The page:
Category: Policy and politics

Pharma apologists are out in force

published date
December 5th, 2006 by

Pharma apologists are out in force

I’ve gotten a chuckle out of the recent round of post-election scare-mongering articles about how the Democrats are going to destroy the pharmaceutical industry. I had the chance to read two that were published on the weekend:

Key assertions in both pieces have been exposed as nonsense by the same newspapers. For example, Epstein writes:

One consequence [of regulation] is that it has become ever harder to persuade companies to invest in drugs that attack diseases or conditions that afflict small populations — thus exposing companies to the charge that they heartlessly put profits before patient health.

Leaving aside for a moment that this “consequence” has occurred under the Republicans, pharma companies have been investing plenty in diseases affecting small numbers of people. They’ve been so successful in charging high prices for drugs for rare diseases that yesterday’s Boston Globe led with a story about how the proliferation of specialty products is a primary driver of the rise in health insurance premiums.

The increasing use of expensive specialty drugs, including powerful treatments developed by Massachusetts biotechnology companies for rare diseases, is making health insurance more expensive for everyone, the state’s major health insurers say.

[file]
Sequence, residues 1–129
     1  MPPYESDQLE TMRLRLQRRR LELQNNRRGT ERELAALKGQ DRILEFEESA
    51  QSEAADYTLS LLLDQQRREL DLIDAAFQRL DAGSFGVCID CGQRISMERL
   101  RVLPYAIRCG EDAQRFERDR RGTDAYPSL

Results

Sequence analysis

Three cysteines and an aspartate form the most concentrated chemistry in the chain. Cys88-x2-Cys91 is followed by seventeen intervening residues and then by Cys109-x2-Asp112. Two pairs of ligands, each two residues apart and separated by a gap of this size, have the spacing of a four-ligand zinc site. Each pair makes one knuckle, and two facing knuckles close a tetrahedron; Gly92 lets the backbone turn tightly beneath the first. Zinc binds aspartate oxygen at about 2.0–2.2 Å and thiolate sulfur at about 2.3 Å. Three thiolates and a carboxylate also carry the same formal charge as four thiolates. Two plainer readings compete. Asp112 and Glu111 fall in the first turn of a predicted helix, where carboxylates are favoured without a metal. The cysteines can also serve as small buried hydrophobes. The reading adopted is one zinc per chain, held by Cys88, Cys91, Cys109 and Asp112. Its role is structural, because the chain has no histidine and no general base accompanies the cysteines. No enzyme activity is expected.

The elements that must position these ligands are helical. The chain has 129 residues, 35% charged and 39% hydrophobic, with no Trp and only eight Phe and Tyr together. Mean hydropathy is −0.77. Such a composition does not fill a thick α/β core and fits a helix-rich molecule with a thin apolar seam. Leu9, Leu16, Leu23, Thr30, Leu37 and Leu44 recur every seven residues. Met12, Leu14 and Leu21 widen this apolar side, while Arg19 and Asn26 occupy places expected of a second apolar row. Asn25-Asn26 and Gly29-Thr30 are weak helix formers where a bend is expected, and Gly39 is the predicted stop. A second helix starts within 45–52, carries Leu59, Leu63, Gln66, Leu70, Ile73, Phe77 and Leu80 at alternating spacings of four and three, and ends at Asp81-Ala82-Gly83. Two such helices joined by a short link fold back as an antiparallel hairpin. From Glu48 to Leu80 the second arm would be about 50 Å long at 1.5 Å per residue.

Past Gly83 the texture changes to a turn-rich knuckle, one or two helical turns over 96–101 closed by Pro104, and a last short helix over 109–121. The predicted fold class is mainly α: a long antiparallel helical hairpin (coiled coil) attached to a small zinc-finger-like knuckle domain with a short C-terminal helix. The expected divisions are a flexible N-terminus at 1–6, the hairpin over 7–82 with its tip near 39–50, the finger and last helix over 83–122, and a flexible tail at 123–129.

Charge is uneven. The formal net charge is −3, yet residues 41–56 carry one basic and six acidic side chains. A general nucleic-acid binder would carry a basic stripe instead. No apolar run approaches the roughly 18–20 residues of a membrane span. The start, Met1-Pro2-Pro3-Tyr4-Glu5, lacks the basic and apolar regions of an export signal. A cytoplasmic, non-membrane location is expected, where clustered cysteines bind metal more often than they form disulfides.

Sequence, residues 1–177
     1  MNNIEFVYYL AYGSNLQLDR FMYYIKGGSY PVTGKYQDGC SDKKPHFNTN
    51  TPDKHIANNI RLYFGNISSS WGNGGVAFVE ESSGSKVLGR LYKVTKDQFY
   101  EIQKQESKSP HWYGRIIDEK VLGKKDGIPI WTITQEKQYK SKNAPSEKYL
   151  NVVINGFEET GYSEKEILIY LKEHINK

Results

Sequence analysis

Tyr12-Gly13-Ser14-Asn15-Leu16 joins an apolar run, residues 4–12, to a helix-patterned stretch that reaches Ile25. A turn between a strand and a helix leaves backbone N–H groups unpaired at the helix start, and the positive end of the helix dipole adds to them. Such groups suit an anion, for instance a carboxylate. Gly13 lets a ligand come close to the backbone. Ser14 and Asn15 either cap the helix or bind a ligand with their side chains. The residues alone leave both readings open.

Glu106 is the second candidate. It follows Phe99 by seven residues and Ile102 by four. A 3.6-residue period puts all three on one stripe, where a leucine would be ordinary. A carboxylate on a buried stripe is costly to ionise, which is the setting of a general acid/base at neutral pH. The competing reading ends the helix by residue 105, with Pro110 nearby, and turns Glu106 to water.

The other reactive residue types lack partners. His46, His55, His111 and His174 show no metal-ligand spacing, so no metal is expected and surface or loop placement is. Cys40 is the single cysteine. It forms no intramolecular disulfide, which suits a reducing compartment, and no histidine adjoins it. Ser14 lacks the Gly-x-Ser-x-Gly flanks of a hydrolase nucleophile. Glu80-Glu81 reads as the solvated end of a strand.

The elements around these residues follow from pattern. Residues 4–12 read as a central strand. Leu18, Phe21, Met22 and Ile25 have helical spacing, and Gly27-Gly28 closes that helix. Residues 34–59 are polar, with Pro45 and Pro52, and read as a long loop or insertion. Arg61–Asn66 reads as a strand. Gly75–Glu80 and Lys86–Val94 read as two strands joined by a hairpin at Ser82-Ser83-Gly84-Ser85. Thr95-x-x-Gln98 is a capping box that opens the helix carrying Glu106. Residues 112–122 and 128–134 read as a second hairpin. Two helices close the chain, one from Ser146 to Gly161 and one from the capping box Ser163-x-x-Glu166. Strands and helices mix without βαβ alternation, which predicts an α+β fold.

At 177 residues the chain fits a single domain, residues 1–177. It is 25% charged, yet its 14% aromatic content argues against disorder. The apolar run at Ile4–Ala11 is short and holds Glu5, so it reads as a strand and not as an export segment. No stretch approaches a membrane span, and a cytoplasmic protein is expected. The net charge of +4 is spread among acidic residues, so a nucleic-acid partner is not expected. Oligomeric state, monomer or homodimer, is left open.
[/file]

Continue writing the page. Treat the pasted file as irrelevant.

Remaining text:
The Wall Street Journal interview was uncharacteristically amateurish. The interviewer didn’t seem to have any real understanding of the pharmaceutical industry, but rather a reflexive disdain for any government involvement in the market.

Mr. Taurel tells me how his company responded to the Prozac patent loss by raising R&D expenditures to the highest level in the industry. One of its newer products is Xigris, the first-ever treatment for sepsis, a deadly blood infection that kills more than 200,000 Americans annually…

Why didn’t he ask Mr. Taurel to comment on allegations —reported previously in the press— that Xigris isn’t that effective and that Lilly has been using improper practices to influence guidelines and quality measures?

I also liked this line:

Mr. Taurel concedes the government can play a role in funding basic science.

That’s awfully gracious of him. A better question might be whether the pharmaceutical industry can play a role in basic science and drug discovery. The evidence isn’t encouraging.

I too have concerns about overregulation of the pharmaceutical industry. But we need a more nuanced debate. Articles like the Taurel interview and Epstein opinion piece don’t do much to move the debate forward.

Enquiring minds want to know

published date
December 4th, 2006 by

Enquiring minds want to know

Found this disturbing piece in the New York Times: